Connecticut – The Department of Agriculture filed an animal welfare proposal that had a public hearing on March 3, 2021. AKC GR issued an alert and testified in support of HB 6504 together with the President of the Connecticut Federation of Dog Clubs and Responsible Dog Owners (CFDRDO) at the Joint Environment Committee because it would require a veterinary examination of animals brought into the state by animal shelters, among other helpful provisions.
Connecticut – On Friday, March 5, 2021, the Joint Planning and Development Committee will considered HB 6542 authorizing municipalities to adopt and enforce obligations and restrictions on pet retail sales. AKC GR issued an alert and testified in opposition. State law provides licensure, uniform animal care and conditions standards, and consumer protections for those who acquire pets at retail. Adopting this measure would result in a patchwork of different rules across the state.
Connecticut –SB 123 would increase the penalties for injuring or killing a police K-9 or volunteer search and rescue K-9. AKC GR supports the bill, and it was voted favorably by the Joint Public Safety Committee on March 4, 2021.
Connecticut – Several bills impacting dog owners have been pre-filed for this year and AKC GR is meeting virtually with the Connecticut Federation of Dog Clubs and Responsible Dog Owners to discuss them. For example, SB 458 proposes a companion animal breeders license. AKC GR has researched existing oversight authority for anyone selling more than two litters a year and provided information to the bill sponsor.
Connecticut – On March 12, 2021, the Joint Judiciary Committee heard testimony on SB 923, which would require the Connecticut Sentencing Commission review the state’s animal cruelty laws and make recommendations to the Governor and General Assembly. AKC and the Connecticut Federation of Dog Clubs and Responsible Dog Owners (CFDRDO) are concerned that members of the commission do not have animal welfare experience. Testimony was submitted by AKC GR and CFDRDO, consistent with that of the Department of Agriculture, requesting collaboration with the department and subject matter experts. AKC GR has scheduled a meeting with the Executive Director of the commission to discuss the scope of such a review and available options to ensure input from animal welfare subject matter experts.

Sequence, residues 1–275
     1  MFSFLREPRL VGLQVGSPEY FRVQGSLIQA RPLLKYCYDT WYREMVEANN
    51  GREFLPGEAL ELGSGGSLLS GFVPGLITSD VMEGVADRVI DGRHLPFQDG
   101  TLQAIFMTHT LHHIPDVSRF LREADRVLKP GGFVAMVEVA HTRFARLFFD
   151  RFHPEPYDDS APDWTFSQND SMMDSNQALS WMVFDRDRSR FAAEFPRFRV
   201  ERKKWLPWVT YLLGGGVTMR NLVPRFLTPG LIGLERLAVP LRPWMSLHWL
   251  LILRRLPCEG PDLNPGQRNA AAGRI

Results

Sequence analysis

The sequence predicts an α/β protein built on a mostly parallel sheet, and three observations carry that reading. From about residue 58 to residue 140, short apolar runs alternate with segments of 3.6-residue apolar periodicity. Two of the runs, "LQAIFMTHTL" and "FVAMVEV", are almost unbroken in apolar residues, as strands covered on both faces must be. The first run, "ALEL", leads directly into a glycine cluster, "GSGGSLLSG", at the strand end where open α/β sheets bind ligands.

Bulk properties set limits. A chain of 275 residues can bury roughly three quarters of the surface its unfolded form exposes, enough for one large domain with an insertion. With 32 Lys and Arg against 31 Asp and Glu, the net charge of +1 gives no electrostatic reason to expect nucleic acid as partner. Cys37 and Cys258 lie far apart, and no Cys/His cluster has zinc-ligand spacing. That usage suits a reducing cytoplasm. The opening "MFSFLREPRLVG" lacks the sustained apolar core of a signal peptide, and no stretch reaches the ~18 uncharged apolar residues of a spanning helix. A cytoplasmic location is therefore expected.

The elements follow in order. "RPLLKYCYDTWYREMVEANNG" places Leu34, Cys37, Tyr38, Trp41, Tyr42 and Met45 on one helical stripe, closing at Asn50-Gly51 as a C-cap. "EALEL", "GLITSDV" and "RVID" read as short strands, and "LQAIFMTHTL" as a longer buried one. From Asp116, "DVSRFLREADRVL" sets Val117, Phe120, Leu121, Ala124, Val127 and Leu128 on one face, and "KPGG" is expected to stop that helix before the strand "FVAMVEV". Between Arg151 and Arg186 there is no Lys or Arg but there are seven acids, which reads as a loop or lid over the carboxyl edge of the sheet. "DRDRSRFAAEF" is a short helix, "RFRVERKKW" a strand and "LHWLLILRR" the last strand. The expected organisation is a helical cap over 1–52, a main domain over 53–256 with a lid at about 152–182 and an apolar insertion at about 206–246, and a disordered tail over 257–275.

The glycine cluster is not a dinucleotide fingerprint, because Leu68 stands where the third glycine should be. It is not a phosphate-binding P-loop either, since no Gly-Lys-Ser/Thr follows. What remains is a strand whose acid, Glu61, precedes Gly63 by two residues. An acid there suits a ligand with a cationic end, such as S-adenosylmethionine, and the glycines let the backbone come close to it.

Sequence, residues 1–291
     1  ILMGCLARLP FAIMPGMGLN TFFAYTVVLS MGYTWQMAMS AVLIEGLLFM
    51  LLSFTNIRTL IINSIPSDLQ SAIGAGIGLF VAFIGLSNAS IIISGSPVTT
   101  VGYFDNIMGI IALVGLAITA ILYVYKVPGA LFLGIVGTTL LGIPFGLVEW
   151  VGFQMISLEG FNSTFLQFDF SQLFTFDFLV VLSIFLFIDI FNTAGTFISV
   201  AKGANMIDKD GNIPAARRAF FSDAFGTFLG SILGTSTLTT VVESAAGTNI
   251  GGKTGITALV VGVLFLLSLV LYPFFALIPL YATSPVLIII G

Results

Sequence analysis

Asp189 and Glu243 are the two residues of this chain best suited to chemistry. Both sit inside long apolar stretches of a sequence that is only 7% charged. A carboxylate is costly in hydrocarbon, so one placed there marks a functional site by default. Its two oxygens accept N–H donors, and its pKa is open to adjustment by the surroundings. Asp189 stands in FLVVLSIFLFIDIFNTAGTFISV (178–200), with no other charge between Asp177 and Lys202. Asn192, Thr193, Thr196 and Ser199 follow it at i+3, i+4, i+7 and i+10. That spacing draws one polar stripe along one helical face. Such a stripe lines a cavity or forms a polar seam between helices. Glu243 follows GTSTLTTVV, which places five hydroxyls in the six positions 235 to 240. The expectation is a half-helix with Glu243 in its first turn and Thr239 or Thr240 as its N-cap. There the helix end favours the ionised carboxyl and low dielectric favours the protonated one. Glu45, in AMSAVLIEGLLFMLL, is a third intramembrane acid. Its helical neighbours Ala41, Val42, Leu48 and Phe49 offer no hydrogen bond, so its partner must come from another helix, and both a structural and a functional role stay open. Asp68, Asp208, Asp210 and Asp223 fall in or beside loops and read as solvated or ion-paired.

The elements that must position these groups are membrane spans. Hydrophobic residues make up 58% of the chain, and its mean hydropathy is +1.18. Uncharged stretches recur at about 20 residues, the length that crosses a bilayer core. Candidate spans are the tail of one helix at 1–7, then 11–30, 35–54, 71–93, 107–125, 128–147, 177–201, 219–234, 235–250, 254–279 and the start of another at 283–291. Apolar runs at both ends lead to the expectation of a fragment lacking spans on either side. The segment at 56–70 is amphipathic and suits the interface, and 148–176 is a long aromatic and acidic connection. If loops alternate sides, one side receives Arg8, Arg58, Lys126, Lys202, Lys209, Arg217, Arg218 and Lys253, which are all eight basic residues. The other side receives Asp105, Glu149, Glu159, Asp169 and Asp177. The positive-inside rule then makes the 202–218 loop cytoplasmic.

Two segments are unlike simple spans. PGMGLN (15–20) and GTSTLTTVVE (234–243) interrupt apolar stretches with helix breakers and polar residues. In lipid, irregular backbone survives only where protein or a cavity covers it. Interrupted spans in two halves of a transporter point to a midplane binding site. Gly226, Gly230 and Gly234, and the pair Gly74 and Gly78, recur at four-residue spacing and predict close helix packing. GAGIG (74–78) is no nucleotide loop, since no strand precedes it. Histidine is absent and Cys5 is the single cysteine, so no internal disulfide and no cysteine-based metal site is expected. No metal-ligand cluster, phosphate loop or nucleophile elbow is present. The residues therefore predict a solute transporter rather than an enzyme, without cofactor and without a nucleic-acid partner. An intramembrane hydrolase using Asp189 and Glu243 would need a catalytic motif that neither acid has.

Delaware – AKC GR was contacted by Senator Trey Paradee for assistance with legislation to establish a certification/licensing program for groomers operating in Delaware. AKC GR provided Senator Paradee with information on the AKC S.A.F.E. Grooming Certification Program and draft legislation for the establishment of a certification/licensing program based on the program or a similar type of certification program. Senator Paradee is currently reviewing the draft legislation.
Florida – HB 7 / SB 72 would provide certain protections to business entities from civil liability claims related to COVID-19. HB 7 has passed in the House and has been received in the Senate. SB 72 has passed in the Senate and has been received in the House.
Florida – HB 47 / SB 216 would make the failure to report suspected animal cruelty grounds for disciplinary action for veterinarians, vet techs, and other “animal treatment provider employees” (which would include shelter personnel) and provide certain immunities from liability for good faith reporting. HB 49 / SB 218 would exempt from public records requirements (and from public oversight) all records containing reports of animal cruelty made by veterinarians, vet techs, and “animal treatment provider employees.” HB 47 and HB 49 are assigned to the House Regulatory Reform Subcommittee. SB 216 and SB 218 have numerous committee referrals.